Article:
Seabirds' cholesterol levels raised through plastic ingestion | 7/18/2019 | Staff
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Plastic found in the stomach of flesh-footed shearwaters. Credit: Dr Alex Bond

A new study of seabirds that had ingested plastic debris has revealed the range of impacts on their health and physiology including a rise in cholesterol levels.

Research - Team - Scientists - Dr - Alex

The research was undertaken by an international team of scientists including Dr. Alex Bond, the Senior Curator of Birds at the Natural History Museum.

This work, part of a longer-term study being carried out on Lord Howe Island 600 kilometres off the eastern coast of Australia, has revealed that this remote island is home to some of the most plastic contaminated birds in the world.

Dr - Bond - Population - Shearwaters - Decade

Dr. Bond has been studying this population of flesh-footed shearwaters for almost a decade.

"Most of the work looking at the effects of ocean plastic on wildlife involves mortality. The seabirds we encountered alive also had plastic in them, and we wanted to understand what effects that plastic ingestion might be having."

Team - Chicks - Diet - Fish - Adult

The team discovered that rather than feeding their chicks the usual diet of fish, adult birds have been providing their young with shards of plastic, including bottle tops and biro lids. Previous findings have revealed that between 80 to 90 percent of all chicks studied had at least one piece of plastic in their stomach. In one extreme case 274 pieces, weighing 64 grams, were found in a single bird.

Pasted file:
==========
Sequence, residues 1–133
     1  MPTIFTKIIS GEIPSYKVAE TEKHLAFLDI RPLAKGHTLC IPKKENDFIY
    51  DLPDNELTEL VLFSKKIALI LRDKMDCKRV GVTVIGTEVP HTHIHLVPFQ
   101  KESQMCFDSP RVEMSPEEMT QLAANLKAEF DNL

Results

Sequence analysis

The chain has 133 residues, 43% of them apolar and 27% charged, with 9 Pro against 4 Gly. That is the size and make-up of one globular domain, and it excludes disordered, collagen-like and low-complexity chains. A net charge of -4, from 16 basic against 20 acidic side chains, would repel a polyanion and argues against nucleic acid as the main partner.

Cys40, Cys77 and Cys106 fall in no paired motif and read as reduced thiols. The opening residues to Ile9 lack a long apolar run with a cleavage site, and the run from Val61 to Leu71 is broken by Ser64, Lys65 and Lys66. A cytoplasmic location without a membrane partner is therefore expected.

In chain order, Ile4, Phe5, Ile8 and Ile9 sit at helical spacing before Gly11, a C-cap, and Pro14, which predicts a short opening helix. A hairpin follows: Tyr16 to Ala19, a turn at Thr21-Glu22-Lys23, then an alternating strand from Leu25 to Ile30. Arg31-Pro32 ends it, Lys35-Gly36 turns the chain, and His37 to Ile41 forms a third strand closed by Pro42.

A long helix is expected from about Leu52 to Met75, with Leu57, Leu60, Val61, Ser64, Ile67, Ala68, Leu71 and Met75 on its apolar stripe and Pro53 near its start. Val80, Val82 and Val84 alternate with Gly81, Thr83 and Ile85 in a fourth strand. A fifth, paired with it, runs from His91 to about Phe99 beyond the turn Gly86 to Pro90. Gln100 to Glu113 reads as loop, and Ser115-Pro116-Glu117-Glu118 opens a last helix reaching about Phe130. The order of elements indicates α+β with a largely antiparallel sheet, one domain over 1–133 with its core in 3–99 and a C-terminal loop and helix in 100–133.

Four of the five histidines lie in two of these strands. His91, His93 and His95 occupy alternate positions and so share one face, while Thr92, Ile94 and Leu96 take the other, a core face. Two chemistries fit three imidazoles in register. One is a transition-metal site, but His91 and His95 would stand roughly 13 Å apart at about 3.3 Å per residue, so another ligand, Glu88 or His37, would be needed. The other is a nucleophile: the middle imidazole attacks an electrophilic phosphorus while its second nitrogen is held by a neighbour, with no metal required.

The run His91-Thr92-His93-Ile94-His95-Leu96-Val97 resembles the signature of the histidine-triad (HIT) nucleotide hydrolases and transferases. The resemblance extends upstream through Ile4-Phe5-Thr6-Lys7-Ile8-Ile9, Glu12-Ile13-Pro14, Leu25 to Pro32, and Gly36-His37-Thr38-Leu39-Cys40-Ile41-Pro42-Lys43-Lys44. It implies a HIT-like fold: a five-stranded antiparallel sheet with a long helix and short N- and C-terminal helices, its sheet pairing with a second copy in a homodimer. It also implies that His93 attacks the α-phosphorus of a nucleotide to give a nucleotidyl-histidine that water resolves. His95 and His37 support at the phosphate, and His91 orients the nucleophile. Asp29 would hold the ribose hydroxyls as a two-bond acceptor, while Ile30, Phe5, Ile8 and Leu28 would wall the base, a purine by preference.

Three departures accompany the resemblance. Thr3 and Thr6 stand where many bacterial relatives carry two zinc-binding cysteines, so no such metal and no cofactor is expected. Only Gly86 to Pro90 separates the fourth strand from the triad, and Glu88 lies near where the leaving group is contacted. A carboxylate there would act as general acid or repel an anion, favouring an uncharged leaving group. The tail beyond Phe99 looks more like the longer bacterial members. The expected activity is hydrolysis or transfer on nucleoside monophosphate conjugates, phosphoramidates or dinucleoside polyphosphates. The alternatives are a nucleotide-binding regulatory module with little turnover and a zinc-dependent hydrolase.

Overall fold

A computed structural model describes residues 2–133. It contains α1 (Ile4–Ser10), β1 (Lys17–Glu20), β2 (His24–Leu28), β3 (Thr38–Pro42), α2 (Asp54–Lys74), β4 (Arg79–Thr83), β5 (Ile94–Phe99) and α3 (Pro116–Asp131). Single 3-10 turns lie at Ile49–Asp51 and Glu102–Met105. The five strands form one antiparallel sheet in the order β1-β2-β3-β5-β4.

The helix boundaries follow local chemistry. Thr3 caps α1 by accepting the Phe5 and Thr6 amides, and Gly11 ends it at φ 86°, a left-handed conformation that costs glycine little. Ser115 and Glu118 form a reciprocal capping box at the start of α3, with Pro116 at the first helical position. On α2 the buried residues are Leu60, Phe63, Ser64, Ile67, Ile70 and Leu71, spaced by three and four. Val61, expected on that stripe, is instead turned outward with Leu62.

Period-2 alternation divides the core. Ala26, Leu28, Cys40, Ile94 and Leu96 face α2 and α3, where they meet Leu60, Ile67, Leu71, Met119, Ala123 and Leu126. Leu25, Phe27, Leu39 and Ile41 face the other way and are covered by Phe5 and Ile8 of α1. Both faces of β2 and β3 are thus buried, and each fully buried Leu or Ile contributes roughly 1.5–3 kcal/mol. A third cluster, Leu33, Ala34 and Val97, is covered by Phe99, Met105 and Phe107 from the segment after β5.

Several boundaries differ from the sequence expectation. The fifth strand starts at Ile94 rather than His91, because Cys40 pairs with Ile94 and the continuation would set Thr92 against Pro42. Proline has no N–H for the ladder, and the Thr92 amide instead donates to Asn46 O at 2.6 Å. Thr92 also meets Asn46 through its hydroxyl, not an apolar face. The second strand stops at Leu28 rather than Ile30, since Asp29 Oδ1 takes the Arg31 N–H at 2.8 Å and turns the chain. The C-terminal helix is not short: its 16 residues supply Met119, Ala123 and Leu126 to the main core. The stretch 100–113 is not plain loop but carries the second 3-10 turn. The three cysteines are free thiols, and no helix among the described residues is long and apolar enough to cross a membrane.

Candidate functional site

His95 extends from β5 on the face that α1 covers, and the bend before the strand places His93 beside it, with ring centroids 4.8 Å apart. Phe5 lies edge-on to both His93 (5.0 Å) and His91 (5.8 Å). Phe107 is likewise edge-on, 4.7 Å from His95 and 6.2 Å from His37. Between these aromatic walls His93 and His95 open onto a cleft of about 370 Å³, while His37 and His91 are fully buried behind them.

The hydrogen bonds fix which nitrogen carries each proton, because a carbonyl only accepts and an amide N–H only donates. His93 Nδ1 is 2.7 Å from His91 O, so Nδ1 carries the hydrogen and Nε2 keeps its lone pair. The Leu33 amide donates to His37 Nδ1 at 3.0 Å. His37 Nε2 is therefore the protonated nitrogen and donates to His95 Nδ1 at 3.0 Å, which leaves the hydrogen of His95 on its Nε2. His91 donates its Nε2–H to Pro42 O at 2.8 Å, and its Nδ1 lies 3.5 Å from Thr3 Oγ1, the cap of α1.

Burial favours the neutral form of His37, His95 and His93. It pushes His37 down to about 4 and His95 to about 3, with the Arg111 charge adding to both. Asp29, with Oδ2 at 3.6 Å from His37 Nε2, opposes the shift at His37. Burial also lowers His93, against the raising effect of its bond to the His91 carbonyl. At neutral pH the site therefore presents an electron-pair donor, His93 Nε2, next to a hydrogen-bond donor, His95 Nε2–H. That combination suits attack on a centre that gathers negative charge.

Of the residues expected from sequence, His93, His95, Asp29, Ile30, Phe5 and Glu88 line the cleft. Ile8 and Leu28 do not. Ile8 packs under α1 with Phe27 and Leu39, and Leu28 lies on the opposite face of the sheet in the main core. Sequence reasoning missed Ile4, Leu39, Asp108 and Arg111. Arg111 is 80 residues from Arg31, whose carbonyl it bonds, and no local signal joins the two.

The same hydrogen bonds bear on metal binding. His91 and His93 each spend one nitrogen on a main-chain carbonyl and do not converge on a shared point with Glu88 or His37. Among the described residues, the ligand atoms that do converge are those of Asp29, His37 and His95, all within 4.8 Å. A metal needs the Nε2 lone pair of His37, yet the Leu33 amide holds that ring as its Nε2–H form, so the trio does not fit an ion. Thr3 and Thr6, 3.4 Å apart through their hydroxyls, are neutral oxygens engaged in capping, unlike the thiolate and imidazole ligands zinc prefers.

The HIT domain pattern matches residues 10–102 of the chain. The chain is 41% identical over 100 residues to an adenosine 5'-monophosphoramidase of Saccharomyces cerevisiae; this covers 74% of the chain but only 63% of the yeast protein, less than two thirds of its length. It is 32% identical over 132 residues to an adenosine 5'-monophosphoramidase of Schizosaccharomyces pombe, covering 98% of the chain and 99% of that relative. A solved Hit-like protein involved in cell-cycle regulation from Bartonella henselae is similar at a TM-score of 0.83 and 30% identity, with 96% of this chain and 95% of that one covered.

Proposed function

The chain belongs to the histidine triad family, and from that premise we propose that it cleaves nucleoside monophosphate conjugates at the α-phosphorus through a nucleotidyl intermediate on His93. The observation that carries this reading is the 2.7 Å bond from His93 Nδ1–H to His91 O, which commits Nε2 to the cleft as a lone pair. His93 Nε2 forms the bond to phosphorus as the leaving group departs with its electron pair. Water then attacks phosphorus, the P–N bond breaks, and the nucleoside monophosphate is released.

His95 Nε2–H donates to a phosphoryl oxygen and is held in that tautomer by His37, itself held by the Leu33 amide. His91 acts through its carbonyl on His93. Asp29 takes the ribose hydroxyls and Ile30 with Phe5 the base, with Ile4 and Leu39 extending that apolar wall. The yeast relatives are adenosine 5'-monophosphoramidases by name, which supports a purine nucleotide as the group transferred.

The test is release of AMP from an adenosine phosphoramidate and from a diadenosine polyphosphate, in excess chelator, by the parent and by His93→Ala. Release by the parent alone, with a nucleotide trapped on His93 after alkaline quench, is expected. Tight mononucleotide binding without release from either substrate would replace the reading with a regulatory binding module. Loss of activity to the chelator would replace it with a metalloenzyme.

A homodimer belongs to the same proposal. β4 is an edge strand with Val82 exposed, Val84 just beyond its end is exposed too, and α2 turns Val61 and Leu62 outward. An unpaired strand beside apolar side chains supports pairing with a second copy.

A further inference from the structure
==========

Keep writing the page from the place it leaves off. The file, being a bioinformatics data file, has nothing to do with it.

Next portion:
The new study was led by The Institute for Marine and Antarctic Studies' Dr. Jennifer Lavers.

Dr - Lavers - Shearwater - Populations - Pacific

Dr. Lavers said: "Flesh-footed shearwater populations are declining across the south west Pacific Ocean and Western Australia's south coast. Plastic ingestion has been implicated in this decline but the mechanisms by which it affects shearwaters are poorly understood."

Analysis found that the plastic ingestion recorded in these birds can have a significant negative impact even on superficially healthy seabirds.

Dr - Bond - Findings

Dr. Bond explained the findings: ' "What was...
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